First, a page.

• Ball presentation must be quick, moving the ball proactively away from contact following a maul.
  • Players in the maul should be aware of when the ball is out of a maul and act accordingly.
  • The Scrum Half should focus on getting the ball away, but must also be vocal at the ruck.
  • The Scrum Half pass should be effective over distance off both his right and left hand, address this later if you find a problem. Also - is the Scrum Half and First Receiver communicating enough with respect to the direction of the attack, the distance between them etc.
  • Line speed with respect to the defense. The attack should be using the maul to create traffic; fast rucks to draw defenders in - then attacking the space created. This is sometimes referred to as overloading the defense.
  • Is the attacking team being creative e.g. running any preset backs moves? Why not? Or are they just attacking down the line?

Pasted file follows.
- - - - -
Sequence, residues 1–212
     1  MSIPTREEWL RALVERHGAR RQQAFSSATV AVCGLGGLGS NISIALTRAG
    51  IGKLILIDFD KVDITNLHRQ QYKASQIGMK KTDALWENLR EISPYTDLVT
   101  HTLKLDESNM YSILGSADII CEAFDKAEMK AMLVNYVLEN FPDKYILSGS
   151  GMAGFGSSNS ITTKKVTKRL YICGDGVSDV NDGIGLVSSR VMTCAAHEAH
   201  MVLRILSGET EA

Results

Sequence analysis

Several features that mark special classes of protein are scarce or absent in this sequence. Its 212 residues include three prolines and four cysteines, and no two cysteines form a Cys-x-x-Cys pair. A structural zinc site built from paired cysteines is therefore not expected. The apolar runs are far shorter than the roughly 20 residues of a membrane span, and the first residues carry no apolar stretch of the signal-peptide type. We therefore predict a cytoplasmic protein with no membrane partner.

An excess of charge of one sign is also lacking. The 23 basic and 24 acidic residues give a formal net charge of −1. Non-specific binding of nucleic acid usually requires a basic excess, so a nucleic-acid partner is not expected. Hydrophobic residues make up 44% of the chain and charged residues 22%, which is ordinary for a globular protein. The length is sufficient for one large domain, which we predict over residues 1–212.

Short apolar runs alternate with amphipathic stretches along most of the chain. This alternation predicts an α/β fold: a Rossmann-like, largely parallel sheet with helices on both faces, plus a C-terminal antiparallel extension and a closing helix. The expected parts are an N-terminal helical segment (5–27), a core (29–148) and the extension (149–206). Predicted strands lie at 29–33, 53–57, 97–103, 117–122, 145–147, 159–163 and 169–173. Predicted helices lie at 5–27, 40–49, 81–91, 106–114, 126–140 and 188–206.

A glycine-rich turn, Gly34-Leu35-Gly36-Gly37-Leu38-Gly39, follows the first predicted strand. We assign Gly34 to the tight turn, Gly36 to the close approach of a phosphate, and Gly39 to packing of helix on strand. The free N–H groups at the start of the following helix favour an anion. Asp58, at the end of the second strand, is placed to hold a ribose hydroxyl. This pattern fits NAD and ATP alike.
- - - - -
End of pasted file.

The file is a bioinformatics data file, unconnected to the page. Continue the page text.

• The attacking maul is formed quickly and without delay.
  • The ball is moved away from contact in the maul quickly.
  • Players sometimes roll off the back of a maul when they feel it is right to do so.
  • Mauls roll.
  • Opposition players cannot easily isolate the ball or locate a ball during a maul.
  • The maul is formed before moving forward, and does not move too quickly - lossibg players.
  • The maul has leadership and the members of the maul operate as one.

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OFTEN USED WITH...
Living On The Edge | Warm Up

Living On The Edge

  • Split the players into two teams, giving each team their own set of bibs. Two different colours that clearly define the teams.
  • Keep your player briefing, brief. It's important that you get your players moving as quickly as possible.
  • Tell the players that we will be playing One Touch Ruck, see the laws surrounding this game in the Warm-Ups section of the SportPlan site.
  • Briefly - when an attacking player is touched while carrying the ball: they go to ground and either pop or present the ball for a minimum of two supporting players to ruck over. The defence should behave as they normally would at the ruck, committing two players who will not compete for the ball or go into contact.
  • The defence should employ their normal patterns around the ruck.